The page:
|The major innovation of the Birotron is that it stores its sounds using 8-track tape loops, which allows it to play the sounds indefinitely, a great improvement from the 8-second limit of the Mellotron and Chamberlin. This also allows for dynamic and gradual changes in sound tones over time. A 10-minute tape loop could start off as a violin sound and gradually thicken into a viola or cello. A single repeating drum sound could gradually morph into several drum tones. Sound effects could change over time from the sounds of a stream to birds chirping. Sound collages could be made by combining tapes of various flutes, cellos, choirs, sound effects etc. This use of tape loops from 8-track cartridges also allows a Birotron owner to record his own tapes, and have a series of multiple instruments across the keyboard in the register they wished.
Another improvement is a separate attack and decay envelope for each note (like a VCA on analogue synthesizers) that allowed each note on the keyboard to independently begin and sustain. Notes could come in instantly or gradually over time — swelling in volume over a minute. Notes could decay quickly or slowly fade out, or infinite sustain could be achieved – giving the illusion that the instrument is playing itself. A ten turn pitch knob allows the sounds to be vastly speeded up or slowed down. The drawback was that the actual attack of a note had been lost in this system, and the electronic attack and decay were essential to recreate it.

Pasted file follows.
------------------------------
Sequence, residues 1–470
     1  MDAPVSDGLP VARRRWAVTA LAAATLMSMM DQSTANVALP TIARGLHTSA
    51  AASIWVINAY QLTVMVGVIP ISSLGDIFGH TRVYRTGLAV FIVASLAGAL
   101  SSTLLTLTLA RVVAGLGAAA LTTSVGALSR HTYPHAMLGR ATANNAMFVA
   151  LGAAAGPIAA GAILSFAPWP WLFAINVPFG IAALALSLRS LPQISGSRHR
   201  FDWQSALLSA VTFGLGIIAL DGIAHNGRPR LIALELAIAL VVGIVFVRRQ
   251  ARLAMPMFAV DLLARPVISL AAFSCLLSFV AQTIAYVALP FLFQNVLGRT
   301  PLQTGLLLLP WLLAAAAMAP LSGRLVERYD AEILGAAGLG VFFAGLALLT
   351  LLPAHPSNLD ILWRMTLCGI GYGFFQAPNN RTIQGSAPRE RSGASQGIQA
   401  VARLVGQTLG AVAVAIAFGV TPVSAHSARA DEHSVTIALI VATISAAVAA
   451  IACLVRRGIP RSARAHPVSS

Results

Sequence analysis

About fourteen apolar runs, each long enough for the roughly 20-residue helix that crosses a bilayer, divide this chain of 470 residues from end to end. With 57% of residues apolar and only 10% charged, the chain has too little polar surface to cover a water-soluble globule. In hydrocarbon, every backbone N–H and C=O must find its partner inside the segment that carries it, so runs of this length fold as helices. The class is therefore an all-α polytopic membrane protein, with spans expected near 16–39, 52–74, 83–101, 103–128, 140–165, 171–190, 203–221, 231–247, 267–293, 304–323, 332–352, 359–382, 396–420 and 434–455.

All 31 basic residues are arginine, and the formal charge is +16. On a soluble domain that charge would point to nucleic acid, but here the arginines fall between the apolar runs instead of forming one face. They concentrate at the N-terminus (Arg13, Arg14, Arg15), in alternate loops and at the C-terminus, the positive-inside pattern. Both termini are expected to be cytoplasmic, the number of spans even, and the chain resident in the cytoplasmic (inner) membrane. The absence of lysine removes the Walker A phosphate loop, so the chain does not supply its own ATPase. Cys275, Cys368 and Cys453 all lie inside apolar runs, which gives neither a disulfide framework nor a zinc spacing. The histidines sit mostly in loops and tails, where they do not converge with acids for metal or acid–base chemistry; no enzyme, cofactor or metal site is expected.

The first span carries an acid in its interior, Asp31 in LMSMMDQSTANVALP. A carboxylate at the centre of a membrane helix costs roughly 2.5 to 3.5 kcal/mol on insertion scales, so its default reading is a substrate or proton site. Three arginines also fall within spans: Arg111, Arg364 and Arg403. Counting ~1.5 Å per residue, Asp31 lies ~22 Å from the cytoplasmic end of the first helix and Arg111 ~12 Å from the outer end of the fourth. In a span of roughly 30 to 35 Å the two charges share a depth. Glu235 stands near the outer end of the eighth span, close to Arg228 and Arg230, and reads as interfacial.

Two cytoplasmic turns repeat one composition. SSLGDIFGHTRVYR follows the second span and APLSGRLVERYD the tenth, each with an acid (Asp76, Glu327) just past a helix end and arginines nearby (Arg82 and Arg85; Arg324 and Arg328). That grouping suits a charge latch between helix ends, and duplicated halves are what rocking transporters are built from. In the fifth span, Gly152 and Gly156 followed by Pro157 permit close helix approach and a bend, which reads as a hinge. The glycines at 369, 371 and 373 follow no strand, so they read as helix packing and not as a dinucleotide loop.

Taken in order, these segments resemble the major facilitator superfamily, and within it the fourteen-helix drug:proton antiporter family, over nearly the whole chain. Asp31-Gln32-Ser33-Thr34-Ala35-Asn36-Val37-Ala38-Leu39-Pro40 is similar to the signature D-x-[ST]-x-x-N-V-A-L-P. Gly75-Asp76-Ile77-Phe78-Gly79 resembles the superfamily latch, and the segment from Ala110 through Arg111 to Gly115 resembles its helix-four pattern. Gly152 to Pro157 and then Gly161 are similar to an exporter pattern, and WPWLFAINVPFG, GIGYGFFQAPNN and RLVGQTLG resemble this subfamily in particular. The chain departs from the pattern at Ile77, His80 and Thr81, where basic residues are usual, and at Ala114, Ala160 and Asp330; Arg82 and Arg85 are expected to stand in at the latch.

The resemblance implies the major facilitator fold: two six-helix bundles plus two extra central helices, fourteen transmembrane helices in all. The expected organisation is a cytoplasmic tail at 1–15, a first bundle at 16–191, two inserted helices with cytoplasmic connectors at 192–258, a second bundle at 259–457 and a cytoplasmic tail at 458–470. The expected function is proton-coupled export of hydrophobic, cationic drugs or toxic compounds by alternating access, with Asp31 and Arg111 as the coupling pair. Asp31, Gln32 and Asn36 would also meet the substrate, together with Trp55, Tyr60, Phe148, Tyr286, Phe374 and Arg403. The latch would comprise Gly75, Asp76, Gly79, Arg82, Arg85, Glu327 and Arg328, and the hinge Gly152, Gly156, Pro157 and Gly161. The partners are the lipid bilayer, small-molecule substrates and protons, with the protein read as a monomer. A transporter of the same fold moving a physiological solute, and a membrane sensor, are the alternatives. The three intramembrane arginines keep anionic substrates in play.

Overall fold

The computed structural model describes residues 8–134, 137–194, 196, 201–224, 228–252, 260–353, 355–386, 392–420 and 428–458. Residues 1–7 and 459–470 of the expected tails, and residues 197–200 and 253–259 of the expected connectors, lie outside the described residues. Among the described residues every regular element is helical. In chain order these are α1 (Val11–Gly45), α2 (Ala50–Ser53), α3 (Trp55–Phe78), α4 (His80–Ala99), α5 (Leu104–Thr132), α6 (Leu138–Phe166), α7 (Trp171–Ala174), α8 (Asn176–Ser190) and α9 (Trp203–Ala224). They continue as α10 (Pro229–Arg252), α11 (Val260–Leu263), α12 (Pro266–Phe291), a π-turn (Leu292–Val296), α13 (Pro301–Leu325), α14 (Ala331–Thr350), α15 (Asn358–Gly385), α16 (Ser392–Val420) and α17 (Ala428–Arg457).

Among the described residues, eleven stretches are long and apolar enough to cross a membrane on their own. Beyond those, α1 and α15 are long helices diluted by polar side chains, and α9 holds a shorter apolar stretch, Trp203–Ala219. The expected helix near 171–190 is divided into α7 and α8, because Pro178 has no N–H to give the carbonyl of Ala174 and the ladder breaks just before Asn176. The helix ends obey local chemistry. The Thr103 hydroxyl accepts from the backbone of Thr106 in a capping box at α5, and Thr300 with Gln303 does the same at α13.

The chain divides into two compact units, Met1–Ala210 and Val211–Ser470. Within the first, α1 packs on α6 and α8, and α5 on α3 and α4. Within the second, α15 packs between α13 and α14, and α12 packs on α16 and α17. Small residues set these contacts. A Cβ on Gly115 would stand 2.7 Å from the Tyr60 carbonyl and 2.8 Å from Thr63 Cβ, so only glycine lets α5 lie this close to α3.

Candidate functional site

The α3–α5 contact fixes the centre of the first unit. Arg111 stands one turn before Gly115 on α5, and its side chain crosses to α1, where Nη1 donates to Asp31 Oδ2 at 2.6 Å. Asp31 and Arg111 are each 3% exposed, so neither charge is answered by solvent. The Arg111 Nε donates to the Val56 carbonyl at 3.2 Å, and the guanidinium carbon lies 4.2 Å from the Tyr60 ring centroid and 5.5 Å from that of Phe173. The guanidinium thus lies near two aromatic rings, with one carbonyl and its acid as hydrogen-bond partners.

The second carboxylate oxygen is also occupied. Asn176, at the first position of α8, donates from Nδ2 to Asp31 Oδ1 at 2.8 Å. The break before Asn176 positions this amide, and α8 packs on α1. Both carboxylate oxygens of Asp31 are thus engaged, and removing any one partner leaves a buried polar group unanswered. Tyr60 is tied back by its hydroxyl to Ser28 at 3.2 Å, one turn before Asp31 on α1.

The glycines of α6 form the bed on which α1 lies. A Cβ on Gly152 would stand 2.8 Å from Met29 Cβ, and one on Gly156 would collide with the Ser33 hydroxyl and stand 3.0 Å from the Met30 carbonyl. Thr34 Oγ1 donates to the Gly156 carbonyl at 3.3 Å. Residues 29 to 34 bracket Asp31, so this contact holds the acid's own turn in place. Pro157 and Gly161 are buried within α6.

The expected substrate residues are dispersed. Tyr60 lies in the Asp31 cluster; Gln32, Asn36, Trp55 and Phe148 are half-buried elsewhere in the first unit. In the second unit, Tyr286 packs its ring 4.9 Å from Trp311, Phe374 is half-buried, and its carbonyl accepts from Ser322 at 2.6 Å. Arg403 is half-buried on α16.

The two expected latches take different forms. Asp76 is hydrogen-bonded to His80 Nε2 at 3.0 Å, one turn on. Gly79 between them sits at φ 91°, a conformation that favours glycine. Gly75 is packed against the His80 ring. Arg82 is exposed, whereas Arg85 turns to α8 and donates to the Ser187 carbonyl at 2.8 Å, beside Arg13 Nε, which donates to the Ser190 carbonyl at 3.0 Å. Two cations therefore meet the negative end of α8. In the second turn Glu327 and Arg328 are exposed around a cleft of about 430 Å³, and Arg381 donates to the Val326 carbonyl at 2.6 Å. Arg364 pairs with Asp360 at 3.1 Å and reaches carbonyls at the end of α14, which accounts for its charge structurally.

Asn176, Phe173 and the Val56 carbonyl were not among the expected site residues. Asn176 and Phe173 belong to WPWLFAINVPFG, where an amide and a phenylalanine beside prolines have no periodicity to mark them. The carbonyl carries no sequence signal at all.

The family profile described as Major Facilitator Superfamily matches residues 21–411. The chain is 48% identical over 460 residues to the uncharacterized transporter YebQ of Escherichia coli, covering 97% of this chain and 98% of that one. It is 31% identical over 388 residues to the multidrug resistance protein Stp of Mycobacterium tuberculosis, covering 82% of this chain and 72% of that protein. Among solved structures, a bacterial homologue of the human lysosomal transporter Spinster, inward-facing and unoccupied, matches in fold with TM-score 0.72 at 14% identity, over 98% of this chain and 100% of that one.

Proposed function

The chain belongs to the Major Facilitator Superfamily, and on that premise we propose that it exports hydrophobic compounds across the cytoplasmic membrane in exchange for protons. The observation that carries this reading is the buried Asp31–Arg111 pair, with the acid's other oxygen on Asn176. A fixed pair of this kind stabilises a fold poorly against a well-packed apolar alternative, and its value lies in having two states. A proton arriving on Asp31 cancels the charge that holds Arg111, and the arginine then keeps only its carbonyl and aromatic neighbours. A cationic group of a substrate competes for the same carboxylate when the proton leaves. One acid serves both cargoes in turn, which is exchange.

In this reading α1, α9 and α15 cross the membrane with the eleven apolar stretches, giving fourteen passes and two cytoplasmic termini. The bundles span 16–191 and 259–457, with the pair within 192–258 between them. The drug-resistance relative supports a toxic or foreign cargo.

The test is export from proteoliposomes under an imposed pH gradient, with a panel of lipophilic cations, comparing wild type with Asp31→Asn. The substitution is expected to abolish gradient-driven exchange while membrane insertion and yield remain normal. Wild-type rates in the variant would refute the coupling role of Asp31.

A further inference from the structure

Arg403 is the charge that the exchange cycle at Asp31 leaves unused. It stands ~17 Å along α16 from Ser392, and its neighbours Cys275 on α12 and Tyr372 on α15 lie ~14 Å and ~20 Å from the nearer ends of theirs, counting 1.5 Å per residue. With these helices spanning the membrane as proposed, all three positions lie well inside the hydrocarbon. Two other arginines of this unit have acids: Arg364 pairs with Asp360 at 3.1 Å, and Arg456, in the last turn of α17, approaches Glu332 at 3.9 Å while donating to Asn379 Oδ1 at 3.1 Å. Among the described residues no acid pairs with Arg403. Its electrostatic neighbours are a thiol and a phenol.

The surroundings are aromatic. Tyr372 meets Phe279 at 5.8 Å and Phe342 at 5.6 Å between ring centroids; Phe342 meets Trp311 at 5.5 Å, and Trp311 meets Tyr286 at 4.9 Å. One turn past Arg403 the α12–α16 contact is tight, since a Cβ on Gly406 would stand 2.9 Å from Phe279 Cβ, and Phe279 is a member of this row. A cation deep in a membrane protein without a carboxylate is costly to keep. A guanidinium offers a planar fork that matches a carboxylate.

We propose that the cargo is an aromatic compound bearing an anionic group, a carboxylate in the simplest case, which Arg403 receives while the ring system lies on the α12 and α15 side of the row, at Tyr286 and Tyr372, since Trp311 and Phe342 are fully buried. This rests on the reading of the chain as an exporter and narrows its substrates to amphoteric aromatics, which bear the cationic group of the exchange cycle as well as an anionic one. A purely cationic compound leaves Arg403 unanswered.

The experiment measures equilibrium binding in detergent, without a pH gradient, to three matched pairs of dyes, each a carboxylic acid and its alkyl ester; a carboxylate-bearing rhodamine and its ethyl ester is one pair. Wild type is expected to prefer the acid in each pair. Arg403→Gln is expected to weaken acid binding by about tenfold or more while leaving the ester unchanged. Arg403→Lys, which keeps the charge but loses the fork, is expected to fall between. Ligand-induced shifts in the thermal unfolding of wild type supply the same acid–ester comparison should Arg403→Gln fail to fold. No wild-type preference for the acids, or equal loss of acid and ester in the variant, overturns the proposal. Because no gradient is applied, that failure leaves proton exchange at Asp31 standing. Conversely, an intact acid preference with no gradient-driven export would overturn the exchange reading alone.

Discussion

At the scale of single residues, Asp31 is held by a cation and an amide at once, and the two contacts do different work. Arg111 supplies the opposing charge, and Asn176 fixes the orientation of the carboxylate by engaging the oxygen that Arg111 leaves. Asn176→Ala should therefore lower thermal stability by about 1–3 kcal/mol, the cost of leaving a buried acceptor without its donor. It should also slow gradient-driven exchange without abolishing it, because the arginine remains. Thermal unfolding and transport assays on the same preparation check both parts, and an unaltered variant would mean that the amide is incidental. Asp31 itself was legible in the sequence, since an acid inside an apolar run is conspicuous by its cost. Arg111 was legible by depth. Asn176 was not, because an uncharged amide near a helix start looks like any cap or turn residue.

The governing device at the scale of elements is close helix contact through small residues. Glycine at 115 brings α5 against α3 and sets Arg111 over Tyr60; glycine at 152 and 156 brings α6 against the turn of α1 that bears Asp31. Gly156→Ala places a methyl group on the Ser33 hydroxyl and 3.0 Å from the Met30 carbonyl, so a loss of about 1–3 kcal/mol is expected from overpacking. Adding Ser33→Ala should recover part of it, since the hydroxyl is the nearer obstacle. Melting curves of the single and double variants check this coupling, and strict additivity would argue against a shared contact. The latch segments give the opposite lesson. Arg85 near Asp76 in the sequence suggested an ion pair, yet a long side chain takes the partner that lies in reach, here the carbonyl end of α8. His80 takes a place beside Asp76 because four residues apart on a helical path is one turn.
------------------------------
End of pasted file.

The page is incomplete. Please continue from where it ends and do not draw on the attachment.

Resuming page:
The attack, sustain, and 10 turn pitch features allow for effortless creation of ominous stacked sound swells and pitch bends reminiscent of Mike Pinder's Mellotron work on "Have You Heard" (1969), and Rick Wakeman's Mellotron work on "I Get Up, I Get Down" from Close to the Edge (1972). By varying the attack and decay controls while playing — sounds, notes, and chords could be stacked upon, blended, sustained, and then suddenly morphed by changing the 4 position track selector. The keyboard action also allows the user to play as fast as they want to, having a very light touch. This allowed the player to create both a dynamic sound, and do fast runs the way a symphony might actually play. This was not always easy to do with the Mellotron or Chamberlin. These combined features plus a lighter weight and small size attracted huge interest from most major musicians of that time.